Factors Affecting Battery Bank Sizing

The number of batteries you use in your solar system depends on the following factors:

The amount of money you have to spend on this solar project. Part of solar battery sizing is insuring you can buy enough solar batteries to handle your power storage needs.

You must also take into account the number of days you want to be able to go before needing to recharge your batteries. If you need to be able to power certain appliances for a specific number of days at a time without interruption, you’ll need more batteries to carry a bigger load. This is determined by the number of batteries you use and how you wire them to affect your battery bank’s total amp hours (storage capacity).
Another factor that affects solar battery sizing is the amount of power you will be needing for all of your appliances. If your appliances require many watts (power), you’ll need enough batteries to store the power so you can use those appliances.
Another factor that affects the size of your battery bank is the amount of volts your solar system produces. If your system produces 48 volts, then you’re going to want to have enough batteries in your battery bank to store 48 volts. Actually a little less is better – like a 36 volt system with a 24 volt battery bank, just to be sure your system can charge the battery bank even in the case of a sudden voltage drop. When sizing a battery bank, always size your solar panels bigger than your battery bank to be able to compensate for factors such as voltage drop, power fluctuations and energy loss due to wear on the system.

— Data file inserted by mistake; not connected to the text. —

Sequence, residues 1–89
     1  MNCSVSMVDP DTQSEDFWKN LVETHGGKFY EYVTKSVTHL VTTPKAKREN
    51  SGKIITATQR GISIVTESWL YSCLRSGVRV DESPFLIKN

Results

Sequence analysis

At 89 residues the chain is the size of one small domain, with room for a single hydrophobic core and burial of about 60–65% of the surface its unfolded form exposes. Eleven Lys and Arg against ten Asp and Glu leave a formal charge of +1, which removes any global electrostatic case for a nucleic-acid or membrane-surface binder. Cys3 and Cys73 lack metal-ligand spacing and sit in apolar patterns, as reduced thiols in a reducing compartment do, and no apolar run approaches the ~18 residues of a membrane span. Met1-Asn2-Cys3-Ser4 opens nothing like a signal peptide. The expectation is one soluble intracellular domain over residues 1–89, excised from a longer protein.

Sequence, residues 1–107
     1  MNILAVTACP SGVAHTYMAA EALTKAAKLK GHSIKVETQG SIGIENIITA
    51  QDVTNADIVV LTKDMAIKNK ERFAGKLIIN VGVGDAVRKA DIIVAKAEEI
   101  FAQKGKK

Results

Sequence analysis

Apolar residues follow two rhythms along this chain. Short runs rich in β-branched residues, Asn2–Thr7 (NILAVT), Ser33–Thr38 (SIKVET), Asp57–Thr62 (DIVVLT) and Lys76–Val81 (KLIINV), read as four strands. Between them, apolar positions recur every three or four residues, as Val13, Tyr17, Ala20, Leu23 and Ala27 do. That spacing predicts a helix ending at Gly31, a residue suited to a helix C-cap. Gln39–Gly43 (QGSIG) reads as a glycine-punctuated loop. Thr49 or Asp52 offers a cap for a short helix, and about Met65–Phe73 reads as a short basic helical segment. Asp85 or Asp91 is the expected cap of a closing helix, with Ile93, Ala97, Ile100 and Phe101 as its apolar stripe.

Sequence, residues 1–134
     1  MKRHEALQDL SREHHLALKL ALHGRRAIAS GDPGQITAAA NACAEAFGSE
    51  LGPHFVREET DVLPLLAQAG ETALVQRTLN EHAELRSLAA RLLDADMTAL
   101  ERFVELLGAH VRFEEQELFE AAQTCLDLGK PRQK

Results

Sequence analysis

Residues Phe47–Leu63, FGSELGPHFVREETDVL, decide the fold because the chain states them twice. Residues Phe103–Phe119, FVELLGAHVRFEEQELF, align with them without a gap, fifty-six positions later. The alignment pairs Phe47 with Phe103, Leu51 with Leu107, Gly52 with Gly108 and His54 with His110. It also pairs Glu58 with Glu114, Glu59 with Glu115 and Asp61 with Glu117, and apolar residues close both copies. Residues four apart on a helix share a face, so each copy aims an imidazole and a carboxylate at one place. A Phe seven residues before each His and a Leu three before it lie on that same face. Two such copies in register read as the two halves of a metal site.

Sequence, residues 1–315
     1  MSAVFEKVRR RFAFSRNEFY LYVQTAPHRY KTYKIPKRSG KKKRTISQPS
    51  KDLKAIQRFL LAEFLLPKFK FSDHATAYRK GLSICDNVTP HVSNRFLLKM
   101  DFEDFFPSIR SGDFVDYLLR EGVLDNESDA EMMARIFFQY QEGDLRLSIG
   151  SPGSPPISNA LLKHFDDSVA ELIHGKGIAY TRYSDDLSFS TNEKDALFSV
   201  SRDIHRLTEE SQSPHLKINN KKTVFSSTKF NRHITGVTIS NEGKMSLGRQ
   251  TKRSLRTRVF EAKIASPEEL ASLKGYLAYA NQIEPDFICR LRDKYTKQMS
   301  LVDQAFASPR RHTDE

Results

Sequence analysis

To charge a battery, a generating device must apply a higher voltage than already exists within the battery. That’s why most PV modules are made for 16-18V peak power point. A voltage drop greater than 5% will reduce this necessary voltage difference, and can reduce charge current to the battery by a much greater percentage. Our general recommendation here is to size for a 2-3% voltage drop. So for a 12 volt battery bank, a 16-18V solar panel should be used to allow for unexpected voltage drop.

Another important consideration when sizing a battery bank is the storage capacity you will need your battery bank to have. If your area gets less hours of sunlight in the day, you’re going to want more batteries so you can store more “amp hours” of power in your reservoir and last out the long night’s stretch. When sizing a battery bank, the more amp hours you have the longer your total power reserve would take to deplete.